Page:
Freshman Ryan Hess says having those multiple chances has helped him improve on the poor math grades he got last year.
Ryan Hess: “Now, I’ve had an ‘A’ like the whole time. Just because, you know, they give you chances to come in and make up the standards, if you get it wrong on the test. They’re really consistent, they keep going, and going, and going, and it gets boring, but it’s really good, because you get it on the test, you know, it’s like second nature.”
Down the hall from math class, biology instructor Rebecca Steinke is also using state standards. There’s no biology ‘essential skill.’ Still, she’s distrustful of an exit exam that would test related essential skills, like ‘critical thinking.’
Rebecca Steinke: “I have a philosophy since doing standards-based, it’s that there’s no such thing as a bad test-taker, there’s only a bad test. And unfortunately, if you create an exit exam, it’s going to be limited in what’s going to be covered. It’s not going to be comprehensive, and it could be asked in such a way that the student’s not able to show their true proficiency.”
Like math teacher Emily Anderson, Steinke gives students multiple chances to demonstrate they’re learning. They can re-take tests and quizzes, but they can also be less formal about it, too.
Rebecca Steinke: “Another way, which is the more popular way, students just literally will come up to you, when you have five or ten minutes, and say ‘let me talk to you about this standard.’ I use a rubric, and as they start talking, I’ll start at 1, and go up to 2, on up to 6 which is our highest level, and when they stop talking, I start asking questions.”
Linda Flores: “I think it’s wonderful that a teacher can have that kind of conversation with a student and affirm that they are at a particular place.”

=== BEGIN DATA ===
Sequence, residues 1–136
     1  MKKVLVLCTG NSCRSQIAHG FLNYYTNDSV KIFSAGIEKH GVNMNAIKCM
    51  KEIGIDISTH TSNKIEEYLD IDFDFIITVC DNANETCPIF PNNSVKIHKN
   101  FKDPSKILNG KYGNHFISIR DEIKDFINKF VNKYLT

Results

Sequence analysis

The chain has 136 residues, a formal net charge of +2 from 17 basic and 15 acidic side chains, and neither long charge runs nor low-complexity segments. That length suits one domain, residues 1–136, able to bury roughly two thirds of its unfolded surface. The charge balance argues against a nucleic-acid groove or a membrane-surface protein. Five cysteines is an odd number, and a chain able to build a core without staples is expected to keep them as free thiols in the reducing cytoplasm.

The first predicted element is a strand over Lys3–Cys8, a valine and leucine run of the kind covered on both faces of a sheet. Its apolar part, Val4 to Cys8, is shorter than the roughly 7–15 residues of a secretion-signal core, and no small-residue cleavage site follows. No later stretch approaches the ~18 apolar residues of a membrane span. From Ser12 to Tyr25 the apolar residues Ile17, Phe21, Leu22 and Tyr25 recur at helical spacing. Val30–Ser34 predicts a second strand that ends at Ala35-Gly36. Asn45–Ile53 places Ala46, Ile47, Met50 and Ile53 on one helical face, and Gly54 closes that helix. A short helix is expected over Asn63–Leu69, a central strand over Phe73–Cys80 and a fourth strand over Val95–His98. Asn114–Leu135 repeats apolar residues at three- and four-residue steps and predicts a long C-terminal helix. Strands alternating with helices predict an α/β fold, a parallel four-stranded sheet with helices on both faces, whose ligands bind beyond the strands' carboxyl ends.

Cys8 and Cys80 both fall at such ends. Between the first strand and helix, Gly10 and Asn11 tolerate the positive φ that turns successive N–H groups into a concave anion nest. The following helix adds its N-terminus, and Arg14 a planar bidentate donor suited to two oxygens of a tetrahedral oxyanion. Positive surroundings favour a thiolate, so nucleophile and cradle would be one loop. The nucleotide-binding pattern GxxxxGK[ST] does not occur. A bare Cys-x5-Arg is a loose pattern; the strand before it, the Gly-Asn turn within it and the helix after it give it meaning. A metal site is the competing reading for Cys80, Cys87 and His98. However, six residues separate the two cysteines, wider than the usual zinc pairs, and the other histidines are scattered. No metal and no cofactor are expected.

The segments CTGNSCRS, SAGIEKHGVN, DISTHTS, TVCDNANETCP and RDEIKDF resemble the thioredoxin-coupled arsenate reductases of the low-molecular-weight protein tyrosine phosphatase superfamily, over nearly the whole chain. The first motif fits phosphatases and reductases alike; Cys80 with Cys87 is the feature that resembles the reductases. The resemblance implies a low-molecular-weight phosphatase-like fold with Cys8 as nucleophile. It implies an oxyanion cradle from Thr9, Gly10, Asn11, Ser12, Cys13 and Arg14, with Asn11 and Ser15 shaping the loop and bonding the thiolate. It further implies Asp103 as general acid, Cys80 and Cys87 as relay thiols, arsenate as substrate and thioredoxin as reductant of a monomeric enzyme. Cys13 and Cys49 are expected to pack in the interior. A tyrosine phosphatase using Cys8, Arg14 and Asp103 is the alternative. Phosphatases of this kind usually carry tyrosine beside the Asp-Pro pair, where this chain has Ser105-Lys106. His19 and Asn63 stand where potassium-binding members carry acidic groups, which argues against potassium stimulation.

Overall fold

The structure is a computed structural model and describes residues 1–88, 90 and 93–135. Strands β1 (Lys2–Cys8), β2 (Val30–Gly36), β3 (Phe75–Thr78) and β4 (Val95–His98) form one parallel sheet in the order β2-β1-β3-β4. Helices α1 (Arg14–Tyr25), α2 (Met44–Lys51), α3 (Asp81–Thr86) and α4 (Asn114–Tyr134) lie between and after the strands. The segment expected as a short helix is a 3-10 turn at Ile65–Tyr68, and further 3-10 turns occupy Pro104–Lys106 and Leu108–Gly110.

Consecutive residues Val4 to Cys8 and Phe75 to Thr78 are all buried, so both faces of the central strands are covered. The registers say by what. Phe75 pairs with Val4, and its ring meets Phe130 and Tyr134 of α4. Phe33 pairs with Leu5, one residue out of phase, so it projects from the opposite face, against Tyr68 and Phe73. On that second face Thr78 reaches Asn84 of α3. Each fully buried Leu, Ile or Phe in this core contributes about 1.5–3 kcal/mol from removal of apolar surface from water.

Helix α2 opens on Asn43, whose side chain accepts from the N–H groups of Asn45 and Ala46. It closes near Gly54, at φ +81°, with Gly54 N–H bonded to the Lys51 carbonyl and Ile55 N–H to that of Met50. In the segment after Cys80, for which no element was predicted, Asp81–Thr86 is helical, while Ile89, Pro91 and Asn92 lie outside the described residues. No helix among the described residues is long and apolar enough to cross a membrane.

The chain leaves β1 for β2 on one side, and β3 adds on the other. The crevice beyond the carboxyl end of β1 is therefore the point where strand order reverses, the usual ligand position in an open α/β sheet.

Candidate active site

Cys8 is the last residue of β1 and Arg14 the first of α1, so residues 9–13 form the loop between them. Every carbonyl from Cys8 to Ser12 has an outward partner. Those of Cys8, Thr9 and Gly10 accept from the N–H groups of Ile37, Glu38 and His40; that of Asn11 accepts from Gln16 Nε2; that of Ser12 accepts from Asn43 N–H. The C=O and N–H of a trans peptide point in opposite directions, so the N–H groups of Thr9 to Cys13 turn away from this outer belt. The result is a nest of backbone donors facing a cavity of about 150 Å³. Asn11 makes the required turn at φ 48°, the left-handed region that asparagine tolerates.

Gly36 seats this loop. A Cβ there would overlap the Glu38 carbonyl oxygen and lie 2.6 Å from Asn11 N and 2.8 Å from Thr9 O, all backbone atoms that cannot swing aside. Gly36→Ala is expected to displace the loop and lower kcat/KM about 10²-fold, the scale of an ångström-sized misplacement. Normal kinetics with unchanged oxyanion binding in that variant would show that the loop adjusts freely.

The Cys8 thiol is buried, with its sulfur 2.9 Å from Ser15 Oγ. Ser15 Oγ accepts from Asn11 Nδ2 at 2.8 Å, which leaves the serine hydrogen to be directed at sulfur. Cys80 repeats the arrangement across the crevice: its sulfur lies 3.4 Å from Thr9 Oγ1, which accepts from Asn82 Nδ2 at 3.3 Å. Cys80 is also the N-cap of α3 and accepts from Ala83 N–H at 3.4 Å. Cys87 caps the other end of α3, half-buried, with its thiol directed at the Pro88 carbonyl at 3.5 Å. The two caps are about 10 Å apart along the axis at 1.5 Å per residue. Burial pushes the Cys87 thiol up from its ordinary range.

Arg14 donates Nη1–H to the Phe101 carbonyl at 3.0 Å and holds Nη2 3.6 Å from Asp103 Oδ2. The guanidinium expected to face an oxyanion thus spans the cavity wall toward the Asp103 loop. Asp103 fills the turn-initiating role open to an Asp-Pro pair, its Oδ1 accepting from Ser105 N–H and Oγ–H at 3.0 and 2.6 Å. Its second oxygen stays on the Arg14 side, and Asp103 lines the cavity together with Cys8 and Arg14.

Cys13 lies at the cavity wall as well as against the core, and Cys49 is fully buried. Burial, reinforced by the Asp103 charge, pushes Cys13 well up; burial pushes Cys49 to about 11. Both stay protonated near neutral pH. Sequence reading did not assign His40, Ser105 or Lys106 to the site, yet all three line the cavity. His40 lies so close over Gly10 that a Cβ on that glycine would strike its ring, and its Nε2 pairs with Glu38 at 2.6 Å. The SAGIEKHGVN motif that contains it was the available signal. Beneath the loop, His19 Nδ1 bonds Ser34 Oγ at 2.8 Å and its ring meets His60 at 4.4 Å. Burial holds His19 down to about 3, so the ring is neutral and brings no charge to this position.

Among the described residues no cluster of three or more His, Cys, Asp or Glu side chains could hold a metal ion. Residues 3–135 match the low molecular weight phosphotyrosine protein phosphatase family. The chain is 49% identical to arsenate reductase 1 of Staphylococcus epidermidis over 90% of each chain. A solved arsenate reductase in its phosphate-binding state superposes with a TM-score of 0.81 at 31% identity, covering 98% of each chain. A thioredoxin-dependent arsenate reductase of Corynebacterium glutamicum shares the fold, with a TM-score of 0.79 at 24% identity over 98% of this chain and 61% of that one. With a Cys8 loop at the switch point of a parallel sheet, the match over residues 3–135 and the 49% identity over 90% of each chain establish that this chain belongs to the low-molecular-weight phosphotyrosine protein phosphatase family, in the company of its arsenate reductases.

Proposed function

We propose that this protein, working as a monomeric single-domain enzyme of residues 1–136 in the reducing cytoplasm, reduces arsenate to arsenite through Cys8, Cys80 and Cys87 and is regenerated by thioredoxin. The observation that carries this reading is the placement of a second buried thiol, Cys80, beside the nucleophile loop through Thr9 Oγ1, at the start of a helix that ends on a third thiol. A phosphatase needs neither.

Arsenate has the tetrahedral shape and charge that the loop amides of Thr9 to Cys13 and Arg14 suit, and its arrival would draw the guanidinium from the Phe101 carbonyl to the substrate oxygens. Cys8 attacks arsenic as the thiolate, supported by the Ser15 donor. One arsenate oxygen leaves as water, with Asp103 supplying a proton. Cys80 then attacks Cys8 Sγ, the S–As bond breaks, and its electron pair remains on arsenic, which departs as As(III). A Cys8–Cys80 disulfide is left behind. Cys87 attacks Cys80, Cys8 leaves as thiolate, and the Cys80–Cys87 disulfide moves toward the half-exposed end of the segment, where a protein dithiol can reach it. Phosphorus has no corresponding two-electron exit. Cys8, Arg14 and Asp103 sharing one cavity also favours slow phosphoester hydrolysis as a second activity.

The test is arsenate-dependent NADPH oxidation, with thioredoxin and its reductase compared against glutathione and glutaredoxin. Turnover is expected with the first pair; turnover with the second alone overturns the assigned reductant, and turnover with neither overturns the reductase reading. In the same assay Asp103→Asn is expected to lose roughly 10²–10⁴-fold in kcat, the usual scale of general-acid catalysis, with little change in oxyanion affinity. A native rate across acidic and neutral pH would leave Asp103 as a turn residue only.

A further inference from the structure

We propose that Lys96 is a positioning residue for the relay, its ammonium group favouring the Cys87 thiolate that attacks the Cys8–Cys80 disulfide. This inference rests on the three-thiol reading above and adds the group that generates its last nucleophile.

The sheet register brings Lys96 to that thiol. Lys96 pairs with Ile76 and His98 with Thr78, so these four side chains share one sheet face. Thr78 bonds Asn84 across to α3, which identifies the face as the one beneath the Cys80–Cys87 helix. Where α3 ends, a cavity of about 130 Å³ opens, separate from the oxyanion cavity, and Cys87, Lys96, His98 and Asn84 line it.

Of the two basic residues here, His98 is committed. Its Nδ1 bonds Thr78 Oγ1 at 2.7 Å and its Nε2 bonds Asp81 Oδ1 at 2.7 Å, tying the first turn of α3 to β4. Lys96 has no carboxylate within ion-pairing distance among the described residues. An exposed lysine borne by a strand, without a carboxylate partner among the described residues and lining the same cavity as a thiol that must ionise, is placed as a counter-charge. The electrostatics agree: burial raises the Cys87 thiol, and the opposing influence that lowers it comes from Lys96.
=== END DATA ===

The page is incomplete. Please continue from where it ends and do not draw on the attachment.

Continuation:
Again, that’s Republican representative, Linda Flores.
Linda Flores: “But again, that is a subjective element, and a different teacher might have a different perspective given the same conversation with the same student.”
The kind of ‘critical thinking’ Steinke teaches, is an essential skill, that students will have to prove they have, eventually.
The disagreement between representative Linda Flores and teacher, Rebecca Steinke, is recurring at the state level.
On one hand, teachers argue that balancing a variety of options with rigorous testing is better than one size-fits-all exam. But, lawmakers like Flores, worry that too much flexibility might not lead to uniformly better high school graduates.
The state Board of education is poised to sign off on testing options for four skills this month. Next year’s freshmen will have three different ways to demonstrate reading, writing, and math skills, before they graduate, including a locally developed option.
The fourth skill board members are voting on this month is a bit harder to test. Speaking and listening are counted as one skill, districts around Oregon will come up with their own ways of measuring that.
The state board will vote on these new graduation requirements, June 19th.